PALO ALTO, CALIFORNIA—In March, climatologist Steven Schneider, drowsy from chemotherapy, was getting ready to go to bed. When he checked his e-mail, though, he found
hundreds of messages from global warming skeptics and decided to respond. The next thing he knew, it was 3 a.m. and his wife was yelling at him to go
to sleep. "In illness and in health, he was just plain working harder than everyone else on what needed doing," said White House scientist-in-chief
John Holdren on Sunday at a memorial service for Schneider.
Schneider was a tireless and prolific scientist, publishing hundreds of influencial papers that he wrote, or edited as founder of Climatic Change. His battle with lymphoma barely slowed him down, but some speculated that his relentless pace may have ultimately taken a toll.
Schneider died in July of an apparent heart attack while flying back to California from a climate meeting. "This brave and relentless man killed
himself trying to do what he thought was right," said Former U.S. Senator Tim Wirth.
Memories, alcohol, and tears flowed between PowerPoint presentations on climate science and politics at this wonky and star-studded "Memorial
Celebration." More than 300 climate scientists, colleagues, and friends of Schneider crowded into a big lecture hall at Stanford University. Actor and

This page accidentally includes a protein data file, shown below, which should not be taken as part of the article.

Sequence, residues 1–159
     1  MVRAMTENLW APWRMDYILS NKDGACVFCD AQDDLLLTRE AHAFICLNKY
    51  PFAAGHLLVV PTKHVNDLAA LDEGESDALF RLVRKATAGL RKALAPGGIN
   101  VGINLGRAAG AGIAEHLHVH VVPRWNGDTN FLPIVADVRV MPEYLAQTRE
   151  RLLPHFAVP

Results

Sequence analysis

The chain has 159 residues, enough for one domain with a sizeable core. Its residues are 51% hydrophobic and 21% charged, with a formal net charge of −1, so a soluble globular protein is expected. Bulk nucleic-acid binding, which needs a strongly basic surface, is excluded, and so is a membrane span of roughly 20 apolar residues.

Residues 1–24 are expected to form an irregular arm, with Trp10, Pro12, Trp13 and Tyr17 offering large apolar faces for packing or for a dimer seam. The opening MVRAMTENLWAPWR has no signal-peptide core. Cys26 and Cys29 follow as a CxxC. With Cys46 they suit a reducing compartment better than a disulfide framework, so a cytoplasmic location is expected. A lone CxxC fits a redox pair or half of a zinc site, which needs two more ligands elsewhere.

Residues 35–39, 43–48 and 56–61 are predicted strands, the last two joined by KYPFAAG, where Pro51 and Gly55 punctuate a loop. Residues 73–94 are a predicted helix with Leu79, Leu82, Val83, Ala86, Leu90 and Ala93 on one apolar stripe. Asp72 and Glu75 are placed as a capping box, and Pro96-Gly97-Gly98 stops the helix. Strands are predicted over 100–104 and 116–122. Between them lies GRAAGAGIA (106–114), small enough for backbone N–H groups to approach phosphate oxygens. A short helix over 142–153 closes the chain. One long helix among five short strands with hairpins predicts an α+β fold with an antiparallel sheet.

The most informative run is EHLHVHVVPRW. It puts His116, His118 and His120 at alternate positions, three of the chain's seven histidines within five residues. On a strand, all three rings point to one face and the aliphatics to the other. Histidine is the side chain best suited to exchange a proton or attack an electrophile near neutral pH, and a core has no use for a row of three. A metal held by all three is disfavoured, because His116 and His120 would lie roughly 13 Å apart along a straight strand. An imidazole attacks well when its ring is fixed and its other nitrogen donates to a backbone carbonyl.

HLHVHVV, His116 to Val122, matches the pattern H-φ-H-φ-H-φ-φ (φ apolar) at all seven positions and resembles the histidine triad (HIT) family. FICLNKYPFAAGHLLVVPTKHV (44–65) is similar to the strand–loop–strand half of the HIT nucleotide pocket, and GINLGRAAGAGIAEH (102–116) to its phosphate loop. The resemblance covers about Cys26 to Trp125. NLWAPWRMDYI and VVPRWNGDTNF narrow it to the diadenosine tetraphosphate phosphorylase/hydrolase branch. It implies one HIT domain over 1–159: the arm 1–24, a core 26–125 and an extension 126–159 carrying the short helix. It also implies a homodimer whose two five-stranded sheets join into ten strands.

environmentalist Ed Begley Jr., Holdren, and NOAA chief Jane Lubchenco sat through 6-hours of lectures on climate research and songs to celebrate the
life of the climatologist who could communicate science like few others.
In dozens of lectures, hundreds of press interviews, and countless articles no climate scientist engaged lawmakers, international audiences, the press,
and the public more than Schneider did. "He was among the clearest explainers about how we knew what we know," said Holdren in a talk entitled "Climate
Change Science and Sanity: Steve Schneider's Extraordinary Contributions to Both" His work to educate the public "easily stands in comparison to what
Carl Sagan did for astronomy," Holdren added.
It wasn't all about Schneider. In dueling talks on climate and society Naomi Oreskes, a Univeristy of California, San Diego, historian, and Stanford
political scientist Jon Krosnick each laid out aspects of the climate communication challenge. Oreskes tracked the history of "active, disinformation
campaigns" in derailing progress on public climate awareness. Krosnick suggested the reason that so many politicians questioned climate science tenets
was that they didn't know their constituents actually thought global warming was a serious problem. Either way, Holdren's view that the communication
challenge was incomplete was shared by nearly all. "Finishing the job is the task that Steve's untimely passing has left to all of us."
The adoration for Schneider seemed to bolster his widow, Terry Root, a Stanford expert on climate impacts on ecology. Root expressed her thanks at the
microphone as night fell on the campus outside. "Having so much love in this room has really helped me," she said quietly. Then she led the crowd in a
folksy rendition of Crosby Stills, Nash, Young's "Teach Your Children," one of Schneider's favorites.